Scuba Diving Mistakes And How To Avoid Them

Here's some scuba diving mistakes and regrets we can all learn from. Make sure you’re not doing these things when out and about in the water

Even the most experienced scuba divers have regrets because they weren’t always so good at what they do. Once upon a time, they were novices just like you and had to learn the ways of the water in their own time. Luckily the internet has provided us with many guides and tips that we can follow to ensure a smooth transition into the world of scuba diving. This being said, you will still today find many scuba divers who have regrets about their time diving. If given the chance, they’d go back in time and make sure they never made such silly mistakes in the first place.

Now, thanks to this article, they don’t have to worry about making them ever again and neither do you. Here is our list of common scuba diving regrets that you need to be aware of.


We’ve all been sold a dream at one stage in our lives, and the same goes for when it comes to purchasing scuba diving equipment as well. Just because it has fancy words in the product description doesn’t always mean it’s going to be practical. It can happen to the best of divers, they see the newest and shiniest dive gear and they turn into magpies. The best thing you can do is to read about the product, look for reviews on it and decide whether it’s going to benefit your diving experience.

Have a talk with yourself and decide the type of diver you want to be. Do you want to use gear that is useful and essential? Or do you want to jump on the fads and mod cons that come with big price tags? The choice is all yours.

Charge Your Gear

Right this second, stop what you’re doing and put that dive torch or camera on a nice long charge. You do not want to get ready for your next dive to jump in the water only to find out that all your charge has been depleted and your dive is dead in the water. Batteries are tricky things. The first quarter seems to last for ages. But anything below half a battery can just disappear in a flash.

Cold water diving is worse for this situation happening. Batteries like it when it’s warm. So when you grab your gear out of your kit back and check the battery, it can appear to be fine. But then plunge it into cold water, and boom, you suddenly have no juice left. Just because an item only uses 20% of the battery on the first hour-long dive doesn’t mean that it will last the second dive.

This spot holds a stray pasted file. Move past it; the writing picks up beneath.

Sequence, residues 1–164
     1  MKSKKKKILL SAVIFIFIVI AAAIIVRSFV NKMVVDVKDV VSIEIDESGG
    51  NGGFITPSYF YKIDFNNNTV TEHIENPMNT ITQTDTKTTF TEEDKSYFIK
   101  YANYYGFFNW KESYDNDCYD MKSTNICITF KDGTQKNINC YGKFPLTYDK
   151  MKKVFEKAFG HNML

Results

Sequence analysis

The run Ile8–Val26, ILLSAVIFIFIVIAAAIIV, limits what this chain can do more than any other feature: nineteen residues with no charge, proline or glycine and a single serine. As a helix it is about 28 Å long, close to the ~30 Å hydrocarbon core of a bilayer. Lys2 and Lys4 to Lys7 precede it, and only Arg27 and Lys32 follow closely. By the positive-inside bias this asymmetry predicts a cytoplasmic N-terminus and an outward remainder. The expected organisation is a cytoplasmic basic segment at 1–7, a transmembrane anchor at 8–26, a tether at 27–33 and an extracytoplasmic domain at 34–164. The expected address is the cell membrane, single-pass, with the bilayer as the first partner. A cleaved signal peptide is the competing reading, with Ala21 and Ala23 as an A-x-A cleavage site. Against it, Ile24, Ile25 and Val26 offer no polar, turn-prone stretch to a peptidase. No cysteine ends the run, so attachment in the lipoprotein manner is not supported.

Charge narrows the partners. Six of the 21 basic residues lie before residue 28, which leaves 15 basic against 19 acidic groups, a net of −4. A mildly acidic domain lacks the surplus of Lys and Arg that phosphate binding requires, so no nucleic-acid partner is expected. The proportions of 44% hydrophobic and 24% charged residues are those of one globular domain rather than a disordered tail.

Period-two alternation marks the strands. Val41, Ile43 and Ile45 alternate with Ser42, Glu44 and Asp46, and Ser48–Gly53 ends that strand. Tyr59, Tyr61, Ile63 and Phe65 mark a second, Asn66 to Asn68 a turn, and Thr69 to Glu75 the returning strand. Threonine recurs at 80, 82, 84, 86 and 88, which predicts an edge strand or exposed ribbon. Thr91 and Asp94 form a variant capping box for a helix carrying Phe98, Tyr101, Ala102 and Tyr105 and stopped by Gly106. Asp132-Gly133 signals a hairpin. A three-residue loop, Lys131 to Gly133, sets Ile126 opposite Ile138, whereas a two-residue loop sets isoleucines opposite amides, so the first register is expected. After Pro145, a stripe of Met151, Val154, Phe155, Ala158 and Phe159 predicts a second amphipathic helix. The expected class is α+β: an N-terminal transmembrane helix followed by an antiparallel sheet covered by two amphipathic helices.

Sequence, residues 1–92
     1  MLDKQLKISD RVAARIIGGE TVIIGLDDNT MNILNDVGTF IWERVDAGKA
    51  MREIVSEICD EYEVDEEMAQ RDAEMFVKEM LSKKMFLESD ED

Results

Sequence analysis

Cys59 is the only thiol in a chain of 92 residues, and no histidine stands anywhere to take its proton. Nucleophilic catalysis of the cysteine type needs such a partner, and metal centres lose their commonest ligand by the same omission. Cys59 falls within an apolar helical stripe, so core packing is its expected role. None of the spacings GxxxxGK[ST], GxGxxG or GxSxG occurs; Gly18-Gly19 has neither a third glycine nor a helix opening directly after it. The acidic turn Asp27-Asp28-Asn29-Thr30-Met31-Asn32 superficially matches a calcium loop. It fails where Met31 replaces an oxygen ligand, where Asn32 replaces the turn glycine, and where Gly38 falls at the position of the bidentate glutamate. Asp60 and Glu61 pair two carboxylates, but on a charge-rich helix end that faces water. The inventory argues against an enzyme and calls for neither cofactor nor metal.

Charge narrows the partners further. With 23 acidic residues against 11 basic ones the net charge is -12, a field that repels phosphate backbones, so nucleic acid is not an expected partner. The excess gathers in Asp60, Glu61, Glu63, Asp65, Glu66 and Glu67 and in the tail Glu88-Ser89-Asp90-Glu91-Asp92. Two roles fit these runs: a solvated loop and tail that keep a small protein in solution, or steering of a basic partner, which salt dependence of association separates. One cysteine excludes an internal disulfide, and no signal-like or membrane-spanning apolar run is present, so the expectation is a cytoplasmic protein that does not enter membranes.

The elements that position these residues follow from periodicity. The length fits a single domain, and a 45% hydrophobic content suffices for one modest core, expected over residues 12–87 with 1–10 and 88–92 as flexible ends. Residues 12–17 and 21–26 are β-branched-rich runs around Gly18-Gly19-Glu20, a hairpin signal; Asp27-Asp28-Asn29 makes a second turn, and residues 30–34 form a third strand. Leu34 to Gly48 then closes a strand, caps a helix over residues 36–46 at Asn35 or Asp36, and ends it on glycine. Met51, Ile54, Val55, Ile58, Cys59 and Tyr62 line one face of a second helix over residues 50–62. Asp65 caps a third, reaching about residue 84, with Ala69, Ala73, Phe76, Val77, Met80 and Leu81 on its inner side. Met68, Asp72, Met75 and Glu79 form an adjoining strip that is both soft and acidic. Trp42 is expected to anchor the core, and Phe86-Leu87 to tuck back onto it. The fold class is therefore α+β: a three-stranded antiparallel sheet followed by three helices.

Download Space

It’s important to remember to keep an eye on footage for memory cards and log data on your dive computer. If you’re shooting a lot of footage in high definition, your memory card is going to fill up real quick. So, between dives, download the pictures and videos onto a laptop or external hard drive so you can format the memory card.

The same goes for your dive computer and logbook. Fill out your logbook as soon as you can after your dive because you will forget things, and your dive computer will forget things too. Dive computers have limited memory, and when it fills up, it overwrites the oldest dives. Most computers have a fair amount of memory now, but if your plan is to log your dives all at the end of the trip you may lose some data.

Weight Check

When you first learn to dive, instructors will often give you more lead than you actually need. This might get you in the habit of doing this when you dive on your own, but it’s better to do a fresh weight check after your first few dives. This is because the amount of lead you actually need will probably go down as you become a better diver.

Do a weight check before you dive, and then you can make the decision for yourself.

Too Much Training

Often a springboard into diving might be through diving courses. It can become quite addictive climbing your way up that training ladder and making it as a professional diver. If this is the case, many of your dives will be training students. It will be a rare occasion that you actually dive for fun.

Obviously, if you want to go down the professional route, then do it. But remember to take some time for yourself and go diving to enjoy it, without having to plan the dive for others and constantly think if they’re ok. And if you’re a professional, try to work a system that ensures that you go diving for yourself every so often. Taking part in training courses is great to sharpen your skills but, actually, just diving is far better. Diving in a controlled environment where everything goes to plan is great, but you’ll learn a lot more on fun dives.


Well, we hope you learned something from these scuba diving regrets. Hopefully, you’ll be sure not to recreate them in the future. If reading this got you in the mood for some diving, then be sure to head over to Simply Scuba to get some of the latest diving gear.

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